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Breast cancer is the second most common form of that disease among American women, according to the Centers for Disease Control and Prevention. It’s sad to report that approximately 42,000 women in the U.S. die from breast cancer every year.

In recognition of October’s National Breast Cancer Awareness Month observance, Kenner Army Health Clinic is joining the CDC and other health agencies across the nation for an awareness campaign that’s meant to encourage conversations with family doctors and routine screenings, particularly among high risk individuals.

 The following are a few fast facts from the CDC about breast cancer:

There is an abundance of recommendations as to what age to begin testing. Family history, risk factors and changes in the breasts play a part in determining when individuals need to start mammography screenings. Kenner encourages beneficiaries to have a conversation with their provider who will make recommendations and referrals based on personal history and other factors.

While breast cancer can develop without symptoms, there are warning signs that should prompt individuals to make an appointment with their health care provider as soon as possible. They include the following:

  • Any change in the size or the shape of the breast.
  • Pain in any area of the breast.
  • Nipple discharge other than breast milk (including blood).
  • A new lump in the breast or underarm.

Women who have never conducted a self-exam of the breast should research the topic and/or discuss it with their health care provider to get appropriate instruction. The same advice can be followed by those who are not confident they’re doing a self-exam correctly. This is a very important defense in the war against breast cancer, so take the steps to do it right.

Mammograms are the best way to find breast cancer early, when it is easier to treat and before it shows or causes symptoms. All types of x-ray screenings or diagnostic testing at Kenner during this pandemic requires calling the clinic (866-533-5242) to make an appointment.

The Radiology department at KAHC is working hard to keep patients safe. Scheduled appointments allow the staff to clean and prepare rooms between each patient. Mammography services are open with a couple of changes to maintain safe practices for all. Patients must wear protective masks during Mammography and ultrasound procedures. There are no exceptions. No other person can come with the patient to their mammography or ultrasound appointment unless that individual has mobility issues. Patients will disabilities and language barriers can work with the staff for special accommodations.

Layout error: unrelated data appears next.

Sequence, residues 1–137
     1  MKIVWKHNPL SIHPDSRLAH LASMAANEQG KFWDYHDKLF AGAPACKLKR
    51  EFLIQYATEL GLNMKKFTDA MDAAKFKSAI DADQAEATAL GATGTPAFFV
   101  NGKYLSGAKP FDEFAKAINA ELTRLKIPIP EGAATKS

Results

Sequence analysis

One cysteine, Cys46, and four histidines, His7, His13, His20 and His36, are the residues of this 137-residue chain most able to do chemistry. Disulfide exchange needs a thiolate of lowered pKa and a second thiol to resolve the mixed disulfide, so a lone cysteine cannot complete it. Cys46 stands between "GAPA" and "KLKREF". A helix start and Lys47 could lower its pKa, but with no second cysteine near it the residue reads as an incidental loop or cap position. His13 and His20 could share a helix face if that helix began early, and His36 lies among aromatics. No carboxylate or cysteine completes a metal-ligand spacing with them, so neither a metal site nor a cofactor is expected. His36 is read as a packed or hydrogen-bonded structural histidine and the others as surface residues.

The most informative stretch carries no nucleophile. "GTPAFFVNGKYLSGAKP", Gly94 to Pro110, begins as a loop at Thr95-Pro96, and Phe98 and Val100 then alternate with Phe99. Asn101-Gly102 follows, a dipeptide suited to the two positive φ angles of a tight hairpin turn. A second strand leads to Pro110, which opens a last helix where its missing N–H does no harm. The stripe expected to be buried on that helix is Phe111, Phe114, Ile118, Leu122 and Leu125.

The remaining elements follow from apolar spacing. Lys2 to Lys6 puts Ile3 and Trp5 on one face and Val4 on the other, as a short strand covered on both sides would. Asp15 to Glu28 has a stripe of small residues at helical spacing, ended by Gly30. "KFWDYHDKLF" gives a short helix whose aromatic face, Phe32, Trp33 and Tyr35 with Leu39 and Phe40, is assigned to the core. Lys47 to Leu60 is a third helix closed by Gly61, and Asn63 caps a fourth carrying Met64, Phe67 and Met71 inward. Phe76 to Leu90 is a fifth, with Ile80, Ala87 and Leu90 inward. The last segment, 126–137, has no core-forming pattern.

Mammography appointments are 40 minutes long. This allows enough time to space patients for the additional cleaning, disinfecting and preparation for the next appointment. All equipment is wiped down thoroughly between patients with disinfectants.   

Diagnostic Mammograms must be done on ultrasound weeks. Other services that involve call backs and follow ups also may need to be scheduled during ultrasound weeks.

An excellent tip is to schedule your preventive health screening in conjunction with a birthday week or even the October NBCAM observance as a way to remember when it’s time to get your next checkup.

The best source of additional breast cancer awareness information is the CDC, which prides itself in being a common source for unbiased health education and universal guidelines. There also is printable information to share with others at no cost. The agency’s website offers a yearly health observance schedule, www.cdc.gov/women/observances/index.htm.

Again, if you have any concerns or symptoms that worry you, see your doctor right away. Call the Kenner appointment line at 866-533-5242.  As always, being in tune with your body and maintaining a regular schedule of self-exams monthly is the best way to recognize changes early.